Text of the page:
alone appeals, charging error in the refusal of its motions for nonsuit, direction of verdict, and new trial.
On September 12, 1959, under a written agreement of that date executed by both parties, respondent purchased from appellant a 1958 Plymouth, appellant taking as the down payment respondent’s 1951 Mercury at an agreed valuation of $300.00 (less a balance of $102.00 due on it to a finance company, which respondent agreed to pay to that company on October 1, 1959), the balance, $2,302.20, to be paid by respondent in thirty consecutive monthly instalments of $76.74 each, commencing November 1, 1959.
The agreement contained, in large print, the following:
“It is further understood and agreed that the seller does not guarantee used or second-hand automobiles, and makes no representation or guarantee as to correctness of speedometer mileage shown on car, and does not obligate itself to do any free work or service on such cars unless specified in writing here below.”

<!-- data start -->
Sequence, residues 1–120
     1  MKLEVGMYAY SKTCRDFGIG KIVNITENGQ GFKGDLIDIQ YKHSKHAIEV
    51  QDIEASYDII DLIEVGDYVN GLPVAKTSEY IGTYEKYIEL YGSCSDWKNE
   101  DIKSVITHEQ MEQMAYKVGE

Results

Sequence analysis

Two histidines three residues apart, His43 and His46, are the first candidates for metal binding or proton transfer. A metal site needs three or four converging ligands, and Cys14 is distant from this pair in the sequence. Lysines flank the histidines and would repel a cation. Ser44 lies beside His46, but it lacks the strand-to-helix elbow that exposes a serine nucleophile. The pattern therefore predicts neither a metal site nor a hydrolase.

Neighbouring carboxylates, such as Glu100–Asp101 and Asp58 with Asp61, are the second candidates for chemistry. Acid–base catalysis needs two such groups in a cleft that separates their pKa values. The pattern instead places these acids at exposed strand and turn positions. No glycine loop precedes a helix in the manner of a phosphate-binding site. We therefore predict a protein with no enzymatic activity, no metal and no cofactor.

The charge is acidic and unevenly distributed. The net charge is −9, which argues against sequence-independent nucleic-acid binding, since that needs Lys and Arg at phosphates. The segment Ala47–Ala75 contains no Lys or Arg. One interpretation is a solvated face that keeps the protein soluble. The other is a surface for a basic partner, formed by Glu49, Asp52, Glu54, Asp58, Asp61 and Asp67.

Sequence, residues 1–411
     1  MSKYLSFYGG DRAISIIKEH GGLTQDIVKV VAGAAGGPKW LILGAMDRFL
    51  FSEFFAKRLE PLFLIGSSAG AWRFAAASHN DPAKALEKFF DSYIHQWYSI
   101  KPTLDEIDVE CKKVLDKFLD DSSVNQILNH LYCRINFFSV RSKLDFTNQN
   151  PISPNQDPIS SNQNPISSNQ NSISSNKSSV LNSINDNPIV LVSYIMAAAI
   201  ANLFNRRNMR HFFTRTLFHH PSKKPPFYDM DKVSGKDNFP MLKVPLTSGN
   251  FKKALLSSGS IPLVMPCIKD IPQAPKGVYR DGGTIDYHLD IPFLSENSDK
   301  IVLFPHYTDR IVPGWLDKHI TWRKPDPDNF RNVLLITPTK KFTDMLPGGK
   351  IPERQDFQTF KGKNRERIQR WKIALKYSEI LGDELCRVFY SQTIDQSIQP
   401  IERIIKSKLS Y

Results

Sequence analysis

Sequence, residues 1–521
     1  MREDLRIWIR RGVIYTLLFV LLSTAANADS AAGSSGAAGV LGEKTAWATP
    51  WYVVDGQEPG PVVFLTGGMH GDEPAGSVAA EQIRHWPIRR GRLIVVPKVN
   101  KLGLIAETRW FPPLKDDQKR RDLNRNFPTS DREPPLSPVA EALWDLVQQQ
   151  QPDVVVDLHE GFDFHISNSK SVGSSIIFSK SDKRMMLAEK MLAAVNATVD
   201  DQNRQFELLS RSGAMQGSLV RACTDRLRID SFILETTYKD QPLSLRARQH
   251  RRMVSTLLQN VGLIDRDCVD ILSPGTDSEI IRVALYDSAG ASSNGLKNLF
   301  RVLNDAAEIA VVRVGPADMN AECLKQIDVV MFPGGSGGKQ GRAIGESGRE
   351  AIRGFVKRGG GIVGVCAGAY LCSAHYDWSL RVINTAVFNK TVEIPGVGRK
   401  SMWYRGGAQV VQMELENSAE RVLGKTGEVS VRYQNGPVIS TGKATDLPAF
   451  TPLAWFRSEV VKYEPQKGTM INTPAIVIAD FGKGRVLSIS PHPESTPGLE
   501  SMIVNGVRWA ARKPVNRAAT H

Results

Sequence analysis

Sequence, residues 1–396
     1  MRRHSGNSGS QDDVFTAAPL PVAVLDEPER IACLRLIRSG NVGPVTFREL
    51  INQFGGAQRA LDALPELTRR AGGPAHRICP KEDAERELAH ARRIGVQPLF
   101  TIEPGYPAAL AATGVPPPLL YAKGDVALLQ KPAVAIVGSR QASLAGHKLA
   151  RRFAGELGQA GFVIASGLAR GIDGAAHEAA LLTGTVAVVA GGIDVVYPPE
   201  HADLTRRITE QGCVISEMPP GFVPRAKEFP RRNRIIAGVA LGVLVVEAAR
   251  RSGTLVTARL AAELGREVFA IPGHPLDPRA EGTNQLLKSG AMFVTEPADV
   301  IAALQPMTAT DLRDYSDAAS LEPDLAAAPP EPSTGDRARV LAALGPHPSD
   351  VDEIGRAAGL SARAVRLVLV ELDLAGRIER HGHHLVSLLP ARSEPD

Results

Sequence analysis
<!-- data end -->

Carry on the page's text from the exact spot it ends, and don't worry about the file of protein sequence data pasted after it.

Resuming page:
It also contained, under the printed caption “Special Agreement”, the following, written in pencil as were all other provisions of the agreement not printed:
“Subject to credit approval 9-14-59 50/50 warranty 30 days or 1000 miles mileage 16,246.”
Respondent testified that he had bought the 1951 Mercury from appellant, through its salesman Mr. Eleazer; that it had given good service; and that when he and his wife decided in September, 1959, to get a better car they went to appellant’s used car lot and sought out Mr. Eleazer, who showed them first a 1957 Plymouth, then a 1958 Ford, and finally the 1958 Plymouth that he bought. He testified that Mr. Eleazer told him that in his opinion the 1958 Plymouth would be a better buy than the 1957 one if they could make a deal on the Mercury as a down payment, because although the 1958 Plymouth would cost about $200.00 more it had a heater and radio that the 1957 car did not have, and that it “was awfully clean and had only about 16,000 miles